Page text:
Medical Provider Claims Still Have a Six Year Statute of Limitations


On January 17, 2019, the Appellate Division decided that the Statute of Limitations for a Medical Provider Application seeking payment for services rendered to an injured employee remains at six years. In the Plastic Surgery Center vs. Malouf Chevrolet-Cadillac, Inc. the Appellate Division dismissed the argument of the respondents that the two-year statute of limitations applicable to filing a Claim Petition should apply.

At the outset, the Court noted that the legislature amended N.J.S.A. 34:15-15 in 2012 granting the Division of Workers' Compensation exclusive jurisdiction over claims brought by medical providers for payment of services rendered to injured employees. At the time of the amendment, there was no mention of whether those applications should also have the two-year statute of limitations apply as outlined in Section 51 concerning the filing of a Claim Petition. The Medical Provider Applications were dismissed at the Judge level, but the dismissals were reversed on appeal.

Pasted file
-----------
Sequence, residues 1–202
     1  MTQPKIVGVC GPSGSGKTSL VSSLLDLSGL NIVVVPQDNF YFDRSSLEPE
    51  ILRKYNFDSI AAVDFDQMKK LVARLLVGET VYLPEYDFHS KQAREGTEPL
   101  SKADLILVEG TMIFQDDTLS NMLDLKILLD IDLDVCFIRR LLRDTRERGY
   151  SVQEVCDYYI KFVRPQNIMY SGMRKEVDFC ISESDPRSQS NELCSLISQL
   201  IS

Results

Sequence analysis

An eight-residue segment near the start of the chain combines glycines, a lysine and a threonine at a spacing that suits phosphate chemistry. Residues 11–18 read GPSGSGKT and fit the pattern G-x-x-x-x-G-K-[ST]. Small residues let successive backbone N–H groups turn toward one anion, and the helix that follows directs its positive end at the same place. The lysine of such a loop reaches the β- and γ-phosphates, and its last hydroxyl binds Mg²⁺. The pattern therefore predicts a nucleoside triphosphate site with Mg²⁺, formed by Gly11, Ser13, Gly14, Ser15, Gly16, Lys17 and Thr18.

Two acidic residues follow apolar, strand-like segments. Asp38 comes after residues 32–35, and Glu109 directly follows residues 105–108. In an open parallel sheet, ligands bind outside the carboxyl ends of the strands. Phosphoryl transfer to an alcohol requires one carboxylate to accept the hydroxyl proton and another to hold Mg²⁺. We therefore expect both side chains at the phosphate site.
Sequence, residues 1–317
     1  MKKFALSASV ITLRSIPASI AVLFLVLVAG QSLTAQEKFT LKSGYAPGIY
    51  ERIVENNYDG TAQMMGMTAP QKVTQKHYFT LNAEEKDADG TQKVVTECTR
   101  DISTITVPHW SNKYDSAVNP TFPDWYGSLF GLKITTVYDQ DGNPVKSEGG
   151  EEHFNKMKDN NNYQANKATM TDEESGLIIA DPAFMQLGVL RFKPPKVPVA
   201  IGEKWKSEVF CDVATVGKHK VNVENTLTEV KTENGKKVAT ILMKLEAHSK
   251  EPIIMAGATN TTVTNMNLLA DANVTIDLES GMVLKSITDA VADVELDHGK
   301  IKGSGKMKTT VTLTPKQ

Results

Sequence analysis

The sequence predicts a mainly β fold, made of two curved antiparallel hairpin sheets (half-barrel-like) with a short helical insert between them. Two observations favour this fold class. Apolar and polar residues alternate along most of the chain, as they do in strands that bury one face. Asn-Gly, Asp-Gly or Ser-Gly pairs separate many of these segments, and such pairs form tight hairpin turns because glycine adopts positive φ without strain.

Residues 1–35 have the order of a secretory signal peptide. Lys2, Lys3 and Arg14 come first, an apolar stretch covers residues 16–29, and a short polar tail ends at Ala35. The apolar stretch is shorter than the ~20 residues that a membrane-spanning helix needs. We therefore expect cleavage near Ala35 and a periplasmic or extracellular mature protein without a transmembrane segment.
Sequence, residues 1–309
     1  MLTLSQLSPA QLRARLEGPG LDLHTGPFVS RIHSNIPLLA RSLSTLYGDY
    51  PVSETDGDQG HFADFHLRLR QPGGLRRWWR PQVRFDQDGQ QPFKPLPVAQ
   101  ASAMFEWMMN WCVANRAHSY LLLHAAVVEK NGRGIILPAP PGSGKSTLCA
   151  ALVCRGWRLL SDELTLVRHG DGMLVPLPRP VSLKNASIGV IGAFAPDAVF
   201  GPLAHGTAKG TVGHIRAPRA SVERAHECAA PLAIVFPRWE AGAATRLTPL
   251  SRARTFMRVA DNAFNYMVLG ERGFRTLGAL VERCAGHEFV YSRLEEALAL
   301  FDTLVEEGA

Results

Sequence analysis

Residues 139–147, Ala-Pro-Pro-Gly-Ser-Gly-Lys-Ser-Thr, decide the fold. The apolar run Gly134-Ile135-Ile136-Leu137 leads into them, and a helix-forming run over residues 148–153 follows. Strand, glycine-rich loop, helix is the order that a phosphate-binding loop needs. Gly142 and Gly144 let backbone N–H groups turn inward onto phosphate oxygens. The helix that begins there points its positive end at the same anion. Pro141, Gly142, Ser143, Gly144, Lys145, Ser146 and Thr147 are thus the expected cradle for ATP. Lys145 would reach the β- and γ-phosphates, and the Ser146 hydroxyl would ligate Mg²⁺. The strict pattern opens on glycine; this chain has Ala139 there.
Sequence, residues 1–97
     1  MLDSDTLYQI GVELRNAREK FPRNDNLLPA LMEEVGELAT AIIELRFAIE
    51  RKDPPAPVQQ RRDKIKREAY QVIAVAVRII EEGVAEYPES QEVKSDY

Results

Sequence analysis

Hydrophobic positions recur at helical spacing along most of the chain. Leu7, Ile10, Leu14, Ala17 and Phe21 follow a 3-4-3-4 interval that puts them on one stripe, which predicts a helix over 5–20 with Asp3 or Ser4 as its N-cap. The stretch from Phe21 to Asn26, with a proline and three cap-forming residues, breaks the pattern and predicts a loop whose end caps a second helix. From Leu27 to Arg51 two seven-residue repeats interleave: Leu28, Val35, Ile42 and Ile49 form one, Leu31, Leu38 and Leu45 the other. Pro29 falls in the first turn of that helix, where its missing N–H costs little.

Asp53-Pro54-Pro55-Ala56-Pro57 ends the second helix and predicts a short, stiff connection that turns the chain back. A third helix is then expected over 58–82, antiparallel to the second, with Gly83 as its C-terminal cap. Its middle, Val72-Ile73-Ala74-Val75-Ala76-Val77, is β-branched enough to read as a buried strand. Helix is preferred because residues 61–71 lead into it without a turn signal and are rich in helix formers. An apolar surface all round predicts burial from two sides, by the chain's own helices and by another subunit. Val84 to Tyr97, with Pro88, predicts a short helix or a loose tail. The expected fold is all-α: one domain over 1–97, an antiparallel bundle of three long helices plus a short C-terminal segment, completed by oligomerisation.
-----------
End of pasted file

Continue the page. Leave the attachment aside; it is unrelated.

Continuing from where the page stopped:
Each medical provider filed its claim for payment more than two years from the date of each employee's accident but less than six years from the date of service. The Court noted that the statute of limitations with respect to a medical provider claim for benefits has always been controlled by N.J.S.A. 2A:14-1 which is six years; based upon a cause of action for a breach of contract.

The respondent's arguments were rejected, in particular, the argument that the two-year time bar should apply to all claims for compensation including medical bills. The Court rejected the argument and noted the fact that the legislature remained silent with respect to addressing the statute of limitations within the medical provider amendment. Surprisingly, the Court also rejected the respondent's argument that the 2-year statute of limitations should apply from the date of service (which certainly seems to make sense) and concluded that the time bar should not be applied differently to medical providers. The Court remains steadfast in its position that if the time limitation is to be altered with respect to Medical Provider Applications, the legislature must do so.

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